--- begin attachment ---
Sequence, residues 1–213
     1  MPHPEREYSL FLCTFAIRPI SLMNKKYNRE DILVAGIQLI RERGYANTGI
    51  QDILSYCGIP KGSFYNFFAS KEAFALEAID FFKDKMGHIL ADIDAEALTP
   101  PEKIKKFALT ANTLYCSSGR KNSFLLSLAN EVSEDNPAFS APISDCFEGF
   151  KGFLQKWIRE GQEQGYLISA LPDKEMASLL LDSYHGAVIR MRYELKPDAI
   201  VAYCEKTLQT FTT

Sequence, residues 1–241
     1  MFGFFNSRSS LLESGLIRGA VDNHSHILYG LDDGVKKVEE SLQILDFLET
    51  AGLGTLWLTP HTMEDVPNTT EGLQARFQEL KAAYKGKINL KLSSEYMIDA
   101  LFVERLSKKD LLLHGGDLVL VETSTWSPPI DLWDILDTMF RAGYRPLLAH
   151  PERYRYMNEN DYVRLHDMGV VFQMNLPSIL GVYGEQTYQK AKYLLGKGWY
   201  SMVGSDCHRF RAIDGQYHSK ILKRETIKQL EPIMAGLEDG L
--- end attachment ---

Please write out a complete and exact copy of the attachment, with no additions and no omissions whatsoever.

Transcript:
Sequence, residues 1–213
     1  MPHPEREYSL FLCTFAIRPI SLMNKKYNRE DILVAGIQLI RERGYANTGI
    51  QDILSYCGIP KGSFYNFFAS KEAFALEAID FFKDKMGHIL ADIDAEALTP
   101  PEKIKKFALT ANTLYCSSGR KNSFLLSLAN EVSEDNPAFS APISDCFEGF
   151  KGFLQKWIRE GQEQGYLISA LPDKEMASLL LDSYHGAVIR MRYELKPDAI
   201  VAYCEKTLQT FTT

Sequence, residues 1–241
     1  MFGFFNSRSS LLESGLIRGA VDNHSHILYG LDDGVKKVEE SLQILDFLET
    51  AGLGTLWLTP HTMEDVPNTT EGLQARFQEL KAAYKGKINL KLSSEYMIDA
   101  LFVERLSKKD LLLHGGDLVL VETSTWSPPI DLWDILDTMF RAGYRPLLAH
   151  PERYRYMNEN DYVRLHDMGV VFQMNLPSIL GVYGEQTYQK AKYLLGKGWY
   201  SMVGSDCHRF RAIDGQYHSK ILKRETIKQL EPIMAGLEDG L